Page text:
The EPA’s Lead Renovation, Repair and Painting Rule (LRRP) continues to take center stage, when it comes to industry lobbying efforts. Specifically, the industry wants to make sure that the rule, which affects homes built before 1978, is not expanded to include commercial buildings. When members of the Window and Door Manufacturers Association (WDMA) took to Capitol Hill this week they talked to lawmakers about the LRRP rule, while also asking them to support neutral green building systems that offer more flexibility than LEED. This was all part of the WDMA’s 2014 Spring Meeting and Legislative Conference held in Arlington, Va.
Members who spoke to congressional representatives and their staff asked that legislators restore the opt-out provision in the LRRP rule and prohibit the Environmental Protection Agency (EPA) from expanding the rule to include commercial and public buildings.
“My appointments were split between Democrats and Republicans and it seemed that both parties understood and somewhat agreed with the position WDMA was taking on this,” said Ric Jackson, director of government relations, Quanex Building Products.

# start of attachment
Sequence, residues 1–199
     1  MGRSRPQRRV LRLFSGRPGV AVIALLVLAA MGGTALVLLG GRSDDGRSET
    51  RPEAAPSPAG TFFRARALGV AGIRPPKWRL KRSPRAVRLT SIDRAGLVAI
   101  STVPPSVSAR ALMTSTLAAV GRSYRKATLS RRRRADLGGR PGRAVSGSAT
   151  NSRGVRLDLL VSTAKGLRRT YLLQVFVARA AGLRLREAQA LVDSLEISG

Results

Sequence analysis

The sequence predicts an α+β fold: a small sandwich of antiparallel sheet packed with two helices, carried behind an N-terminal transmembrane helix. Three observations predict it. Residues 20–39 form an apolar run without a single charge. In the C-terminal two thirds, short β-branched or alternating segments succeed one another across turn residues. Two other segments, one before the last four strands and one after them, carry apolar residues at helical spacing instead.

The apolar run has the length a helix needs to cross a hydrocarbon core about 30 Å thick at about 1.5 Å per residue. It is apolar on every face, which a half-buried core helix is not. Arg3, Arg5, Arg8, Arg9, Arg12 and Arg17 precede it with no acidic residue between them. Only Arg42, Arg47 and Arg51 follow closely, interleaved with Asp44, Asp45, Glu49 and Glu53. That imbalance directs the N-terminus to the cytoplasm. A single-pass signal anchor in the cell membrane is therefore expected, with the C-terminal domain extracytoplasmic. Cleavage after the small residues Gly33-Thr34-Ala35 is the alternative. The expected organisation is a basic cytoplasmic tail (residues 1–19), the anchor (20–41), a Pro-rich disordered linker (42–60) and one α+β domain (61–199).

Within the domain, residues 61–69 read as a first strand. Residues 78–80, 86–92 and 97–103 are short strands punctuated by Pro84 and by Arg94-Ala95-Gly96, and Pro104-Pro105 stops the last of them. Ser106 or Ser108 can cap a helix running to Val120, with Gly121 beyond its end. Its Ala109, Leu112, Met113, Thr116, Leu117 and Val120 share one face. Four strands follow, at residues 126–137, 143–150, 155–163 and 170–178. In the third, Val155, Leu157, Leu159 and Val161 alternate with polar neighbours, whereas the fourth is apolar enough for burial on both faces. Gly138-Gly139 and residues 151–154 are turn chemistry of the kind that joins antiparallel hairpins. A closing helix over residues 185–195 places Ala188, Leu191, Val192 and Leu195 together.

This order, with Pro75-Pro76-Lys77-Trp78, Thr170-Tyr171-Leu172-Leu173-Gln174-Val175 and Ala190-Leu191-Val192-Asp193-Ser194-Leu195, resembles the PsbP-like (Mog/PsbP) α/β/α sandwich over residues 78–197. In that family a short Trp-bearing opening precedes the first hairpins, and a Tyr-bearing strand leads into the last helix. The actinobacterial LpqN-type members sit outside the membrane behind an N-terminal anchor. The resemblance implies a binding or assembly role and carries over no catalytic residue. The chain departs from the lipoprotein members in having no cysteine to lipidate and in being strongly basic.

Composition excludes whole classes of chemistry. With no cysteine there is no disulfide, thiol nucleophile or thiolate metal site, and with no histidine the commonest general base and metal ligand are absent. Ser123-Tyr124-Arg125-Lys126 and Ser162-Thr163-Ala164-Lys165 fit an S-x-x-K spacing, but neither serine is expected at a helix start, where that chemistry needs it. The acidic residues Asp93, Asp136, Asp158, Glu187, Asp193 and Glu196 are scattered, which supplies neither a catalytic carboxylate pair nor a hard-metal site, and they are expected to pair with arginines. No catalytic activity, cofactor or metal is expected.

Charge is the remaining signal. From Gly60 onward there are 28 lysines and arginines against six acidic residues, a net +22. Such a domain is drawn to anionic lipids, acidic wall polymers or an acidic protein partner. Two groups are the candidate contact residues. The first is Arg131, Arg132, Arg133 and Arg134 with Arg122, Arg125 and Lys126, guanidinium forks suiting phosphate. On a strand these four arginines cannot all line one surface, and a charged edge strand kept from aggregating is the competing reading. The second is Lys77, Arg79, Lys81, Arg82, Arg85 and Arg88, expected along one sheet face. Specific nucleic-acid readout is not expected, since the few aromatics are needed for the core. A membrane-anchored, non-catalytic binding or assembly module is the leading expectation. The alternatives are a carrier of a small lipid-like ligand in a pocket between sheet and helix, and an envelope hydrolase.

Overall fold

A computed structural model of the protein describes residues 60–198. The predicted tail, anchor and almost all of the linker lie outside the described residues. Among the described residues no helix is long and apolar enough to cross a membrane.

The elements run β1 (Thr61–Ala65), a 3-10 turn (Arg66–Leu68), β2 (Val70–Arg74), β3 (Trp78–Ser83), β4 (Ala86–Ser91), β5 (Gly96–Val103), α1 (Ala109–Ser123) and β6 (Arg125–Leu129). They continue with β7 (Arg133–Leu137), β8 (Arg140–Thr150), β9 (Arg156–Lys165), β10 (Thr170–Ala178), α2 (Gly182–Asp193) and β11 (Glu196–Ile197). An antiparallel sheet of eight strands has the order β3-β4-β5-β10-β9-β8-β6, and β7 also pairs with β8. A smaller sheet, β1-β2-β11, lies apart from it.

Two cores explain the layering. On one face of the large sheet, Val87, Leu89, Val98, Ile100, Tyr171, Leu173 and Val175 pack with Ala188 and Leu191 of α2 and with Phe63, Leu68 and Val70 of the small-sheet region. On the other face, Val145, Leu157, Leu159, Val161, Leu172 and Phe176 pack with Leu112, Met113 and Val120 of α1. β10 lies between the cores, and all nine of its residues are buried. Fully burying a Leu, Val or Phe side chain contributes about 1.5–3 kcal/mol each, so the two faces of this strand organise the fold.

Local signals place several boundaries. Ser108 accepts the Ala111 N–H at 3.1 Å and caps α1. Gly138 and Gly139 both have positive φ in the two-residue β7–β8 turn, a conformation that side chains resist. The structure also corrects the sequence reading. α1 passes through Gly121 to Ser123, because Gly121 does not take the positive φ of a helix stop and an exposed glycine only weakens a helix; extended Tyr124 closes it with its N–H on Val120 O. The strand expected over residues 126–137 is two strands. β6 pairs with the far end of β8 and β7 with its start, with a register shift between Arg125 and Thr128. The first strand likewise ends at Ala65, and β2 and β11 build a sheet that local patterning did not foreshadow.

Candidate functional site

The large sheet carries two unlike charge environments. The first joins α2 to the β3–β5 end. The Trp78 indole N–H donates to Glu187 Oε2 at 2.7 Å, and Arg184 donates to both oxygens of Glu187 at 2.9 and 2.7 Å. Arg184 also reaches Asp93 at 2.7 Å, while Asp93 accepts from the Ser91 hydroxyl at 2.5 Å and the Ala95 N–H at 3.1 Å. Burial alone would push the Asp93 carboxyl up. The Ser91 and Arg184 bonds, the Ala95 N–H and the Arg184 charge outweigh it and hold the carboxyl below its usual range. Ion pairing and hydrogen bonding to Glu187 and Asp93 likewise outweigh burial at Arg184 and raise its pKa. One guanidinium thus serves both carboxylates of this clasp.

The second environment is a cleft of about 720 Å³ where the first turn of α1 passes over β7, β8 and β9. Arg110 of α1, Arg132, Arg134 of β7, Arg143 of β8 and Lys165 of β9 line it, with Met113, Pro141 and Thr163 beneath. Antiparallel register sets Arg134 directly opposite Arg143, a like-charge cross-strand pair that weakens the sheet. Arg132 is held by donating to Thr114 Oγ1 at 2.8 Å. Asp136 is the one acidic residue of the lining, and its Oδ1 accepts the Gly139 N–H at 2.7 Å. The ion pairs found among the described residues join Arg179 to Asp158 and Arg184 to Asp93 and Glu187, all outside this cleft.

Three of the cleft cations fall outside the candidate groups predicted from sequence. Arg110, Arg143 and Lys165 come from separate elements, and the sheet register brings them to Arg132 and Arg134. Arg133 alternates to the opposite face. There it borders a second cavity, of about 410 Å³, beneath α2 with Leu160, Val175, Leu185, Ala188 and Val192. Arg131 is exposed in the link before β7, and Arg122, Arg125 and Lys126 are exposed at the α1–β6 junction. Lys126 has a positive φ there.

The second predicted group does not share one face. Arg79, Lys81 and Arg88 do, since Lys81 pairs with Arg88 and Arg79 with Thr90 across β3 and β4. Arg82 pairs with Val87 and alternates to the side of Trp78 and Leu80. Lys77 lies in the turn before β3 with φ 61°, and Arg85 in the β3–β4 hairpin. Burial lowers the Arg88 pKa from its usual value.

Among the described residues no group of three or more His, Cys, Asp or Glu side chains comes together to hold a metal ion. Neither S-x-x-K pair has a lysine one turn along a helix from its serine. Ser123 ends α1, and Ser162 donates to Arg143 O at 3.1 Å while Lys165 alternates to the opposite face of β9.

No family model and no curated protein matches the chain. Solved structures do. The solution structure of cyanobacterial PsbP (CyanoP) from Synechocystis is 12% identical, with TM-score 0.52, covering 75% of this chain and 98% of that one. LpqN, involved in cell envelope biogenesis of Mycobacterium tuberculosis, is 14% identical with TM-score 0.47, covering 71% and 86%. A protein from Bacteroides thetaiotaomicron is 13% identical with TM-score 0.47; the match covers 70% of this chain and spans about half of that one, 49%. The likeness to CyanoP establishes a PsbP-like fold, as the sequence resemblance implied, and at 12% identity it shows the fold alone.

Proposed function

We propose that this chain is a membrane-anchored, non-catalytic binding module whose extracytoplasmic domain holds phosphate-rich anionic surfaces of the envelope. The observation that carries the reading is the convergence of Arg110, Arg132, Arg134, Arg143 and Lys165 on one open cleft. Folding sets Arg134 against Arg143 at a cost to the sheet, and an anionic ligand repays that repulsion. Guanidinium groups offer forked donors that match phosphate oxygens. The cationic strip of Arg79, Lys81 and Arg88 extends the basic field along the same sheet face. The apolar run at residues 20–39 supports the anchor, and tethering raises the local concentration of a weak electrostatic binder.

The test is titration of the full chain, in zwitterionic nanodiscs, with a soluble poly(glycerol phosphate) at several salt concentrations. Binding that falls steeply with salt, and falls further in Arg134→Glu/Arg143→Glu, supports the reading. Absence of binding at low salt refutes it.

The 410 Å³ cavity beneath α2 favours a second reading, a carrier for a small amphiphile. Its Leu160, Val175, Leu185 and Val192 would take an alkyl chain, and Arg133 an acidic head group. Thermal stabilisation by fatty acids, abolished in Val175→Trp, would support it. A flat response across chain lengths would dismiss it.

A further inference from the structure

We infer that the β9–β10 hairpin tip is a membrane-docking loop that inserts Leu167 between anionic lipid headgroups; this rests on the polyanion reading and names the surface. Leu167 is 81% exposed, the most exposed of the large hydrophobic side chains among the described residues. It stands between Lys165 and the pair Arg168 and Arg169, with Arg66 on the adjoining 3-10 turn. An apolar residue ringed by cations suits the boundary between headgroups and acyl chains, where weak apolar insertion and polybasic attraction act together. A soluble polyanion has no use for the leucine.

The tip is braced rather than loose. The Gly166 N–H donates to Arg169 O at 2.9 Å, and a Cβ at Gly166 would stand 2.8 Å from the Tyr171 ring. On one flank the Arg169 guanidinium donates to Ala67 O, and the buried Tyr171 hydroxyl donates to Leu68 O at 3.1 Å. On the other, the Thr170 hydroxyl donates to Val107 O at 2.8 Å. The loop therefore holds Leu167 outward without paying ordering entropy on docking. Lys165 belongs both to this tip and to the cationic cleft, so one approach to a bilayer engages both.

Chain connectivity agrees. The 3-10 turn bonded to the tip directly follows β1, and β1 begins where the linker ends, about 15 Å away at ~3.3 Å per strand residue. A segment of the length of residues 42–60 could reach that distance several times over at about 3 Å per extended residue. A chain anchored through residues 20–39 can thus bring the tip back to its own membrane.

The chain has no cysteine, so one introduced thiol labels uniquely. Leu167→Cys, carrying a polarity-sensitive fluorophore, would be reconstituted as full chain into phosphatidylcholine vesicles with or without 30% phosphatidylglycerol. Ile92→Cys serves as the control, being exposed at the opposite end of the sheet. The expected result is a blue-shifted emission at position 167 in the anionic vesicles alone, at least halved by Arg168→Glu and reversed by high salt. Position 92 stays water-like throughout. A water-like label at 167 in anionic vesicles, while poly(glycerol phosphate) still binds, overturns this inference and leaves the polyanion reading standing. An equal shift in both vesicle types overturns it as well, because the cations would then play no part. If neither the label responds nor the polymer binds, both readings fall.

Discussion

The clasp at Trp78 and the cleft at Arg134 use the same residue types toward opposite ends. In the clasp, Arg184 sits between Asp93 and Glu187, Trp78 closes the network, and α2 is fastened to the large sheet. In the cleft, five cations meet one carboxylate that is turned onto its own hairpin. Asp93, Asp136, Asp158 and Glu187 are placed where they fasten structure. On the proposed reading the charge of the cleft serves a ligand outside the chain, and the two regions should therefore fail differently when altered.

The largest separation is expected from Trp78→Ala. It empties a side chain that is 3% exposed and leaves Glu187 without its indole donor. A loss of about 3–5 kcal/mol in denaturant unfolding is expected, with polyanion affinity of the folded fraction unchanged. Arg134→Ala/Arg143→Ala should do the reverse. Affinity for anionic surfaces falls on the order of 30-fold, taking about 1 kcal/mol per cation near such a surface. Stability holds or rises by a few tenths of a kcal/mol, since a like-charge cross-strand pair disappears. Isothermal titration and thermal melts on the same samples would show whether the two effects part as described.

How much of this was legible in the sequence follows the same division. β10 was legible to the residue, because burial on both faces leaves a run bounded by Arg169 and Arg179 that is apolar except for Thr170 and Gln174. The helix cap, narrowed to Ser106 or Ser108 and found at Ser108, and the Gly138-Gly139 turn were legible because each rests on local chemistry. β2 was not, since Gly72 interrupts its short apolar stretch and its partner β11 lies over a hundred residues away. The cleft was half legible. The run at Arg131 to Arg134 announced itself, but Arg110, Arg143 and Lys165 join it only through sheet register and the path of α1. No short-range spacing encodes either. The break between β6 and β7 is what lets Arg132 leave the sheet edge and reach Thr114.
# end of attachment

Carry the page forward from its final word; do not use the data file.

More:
Members also spoke to legislators urging them to support and approve the Energy Savings and Industrial Competiveness Act (S. 2074, HR 1616) which would spur the use of energy-efficient technologies in the residential and commercial structures while fostering job creation.
A provision in the Senate version of the bill also ensures that the green building rating systems used by federal agencies do not unfairly exclude certain building materials, according to the WDMA.
WDMA members are requesting that green building systems are neutral and follow Green Globes 2010, which is more flexible than LEED for vinyl and wood.
“I think the key issue in this revision is the reference to green building programs that do not have materials bias as part of the scoring system and that are consensus based,” said Jackson. “A tremendous amount of work has been done on Capitol Hill by the American Chemistry Council, the Vinyl Institute and WDMA to educate Congress on the shortcomings of programs such as LEED which are not consensus based.”
The bill also includes efforts to make building codes and the process of writing codes more transparent, as well as allowing the Federal government go use existing funds to update plans for new federal buildings.
As far as timing for S2074, Steve Kittridge in Senator Portman’s office, sponsor of the bill, told Jackson he felt there was a good chance the legislation would reach the floor before Memorial Day.